There are hundreds of thousands of them, all passing through and I’m lucky enough to live along their migration path.

No one knows exactly why they choose to come here, but I’m happy they do.

I heard they are headed west. Maybe they’re chasing the sun.

So, as I sat alone outside my car, I blew kisses to the mountains, to thank them for being so magnificent.

Image credit: travelandleisure.com

I blew kisses to the butterflies as they flew by, to wish them good luck on their journey.

It’s days like these when I know I wouldn’t be able to live in a place where the sun seldom shines.

There wouldn’t be nearly enough mountains that compare to Ojai mountains and there definitely wouldn’t be enough painted ladies.

I hope they all reach their destinations.

And if they really are chasing the sun, I hope they catch it.

my thoughts on time.

I prefer not to measure time in minutes.

Maybe that’s because it scares me,
time does.

But, it’s comforting to think
that the same wet grass I
walked across today
will soon turn brittle and dry.

“The Persistence of Memory” via allthatsinteresting.com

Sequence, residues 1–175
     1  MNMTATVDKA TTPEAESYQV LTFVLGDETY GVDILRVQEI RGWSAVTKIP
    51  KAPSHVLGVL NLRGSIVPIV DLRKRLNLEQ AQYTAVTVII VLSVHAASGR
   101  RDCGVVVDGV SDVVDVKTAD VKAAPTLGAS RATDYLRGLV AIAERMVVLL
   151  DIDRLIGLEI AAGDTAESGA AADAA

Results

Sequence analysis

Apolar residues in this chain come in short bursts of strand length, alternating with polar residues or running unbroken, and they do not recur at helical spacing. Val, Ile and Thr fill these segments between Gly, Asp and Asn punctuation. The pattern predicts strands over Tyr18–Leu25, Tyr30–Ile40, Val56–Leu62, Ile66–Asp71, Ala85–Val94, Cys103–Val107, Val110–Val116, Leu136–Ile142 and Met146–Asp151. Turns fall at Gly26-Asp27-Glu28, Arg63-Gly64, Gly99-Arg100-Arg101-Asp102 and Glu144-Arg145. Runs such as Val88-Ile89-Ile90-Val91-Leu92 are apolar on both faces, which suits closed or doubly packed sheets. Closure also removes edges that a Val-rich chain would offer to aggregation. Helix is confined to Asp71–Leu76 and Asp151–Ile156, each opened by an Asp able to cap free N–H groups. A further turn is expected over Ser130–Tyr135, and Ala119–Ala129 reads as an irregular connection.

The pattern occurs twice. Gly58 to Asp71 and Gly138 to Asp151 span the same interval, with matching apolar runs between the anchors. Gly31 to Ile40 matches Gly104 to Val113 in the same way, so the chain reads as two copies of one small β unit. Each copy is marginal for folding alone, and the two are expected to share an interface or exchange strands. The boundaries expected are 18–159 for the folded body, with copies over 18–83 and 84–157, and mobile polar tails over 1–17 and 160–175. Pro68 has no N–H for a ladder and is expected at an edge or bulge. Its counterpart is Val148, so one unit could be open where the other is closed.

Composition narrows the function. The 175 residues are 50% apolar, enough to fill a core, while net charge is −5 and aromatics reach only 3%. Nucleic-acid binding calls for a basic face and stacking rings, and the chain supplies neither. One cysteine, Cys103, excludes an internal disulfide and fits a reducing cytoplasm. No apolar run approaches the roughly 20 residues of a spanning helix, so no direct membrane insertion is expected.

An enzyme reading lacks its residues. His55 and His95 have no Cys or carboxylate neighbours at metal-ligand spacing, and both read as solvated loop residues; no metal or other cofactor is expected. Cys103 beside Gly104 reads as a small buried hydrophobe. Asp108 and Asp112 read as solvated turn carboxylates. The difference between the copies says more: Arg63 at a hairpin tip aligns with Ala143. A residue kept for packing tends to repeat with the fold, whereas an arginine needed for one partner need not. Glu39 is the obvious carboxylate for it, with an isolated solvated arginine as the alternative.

It’s comforting to think
that, with the help of the rain,
the fields will fill up with wheat,
which will later be cut down
and turned into hundreds of bales of hay,
all lining the bottom of the hillsides
in a grid of little golden rectangles.

Then, in time, they will be shipped off
to somewhere far away from here
and the cows will return to eating
the new grass, gently swishing
their tails as they chew.

It’s comforting to think that
the world will continue to spin
and the sun will set tomorrow
and the next day,
just as it is meant to.

And I hope,
that in time,
I will see, and do, and live
just as I am meant to.

Driving in the Rain

I went for a drive tonight.

First, I made a left turn onto the highway at 9:17pm.

It wasn’t raining yet, just a slight drizzle. The roads were just starting to get wet. I forgot how much darker it is when there’s a storm coming.

As I got closer to town, I saw some couples wandering up and down main street, bundled up in coats and jackets, strolling under yellow light and holding hands.

I watched a little boy running along the sidewalk past a restaurant, clutching the straps of his backpack tight against his sides, the pom-pom on top of his beanie bouncing up and down as he went. I wonder where he was going.

By 9:25 the rain had started to come down a bit more. I rolled down the window to feel the cold.

I rolled along to a four way stop. There was no one else waiting. So, I looked up towards the street light.

A dull orange beam perfectly showed the rain coming down, lighting up thousands of little droplets falling from the sky.

I stuck my hand out the window, felt the rain hit me for a moment, then signaled right and moved on.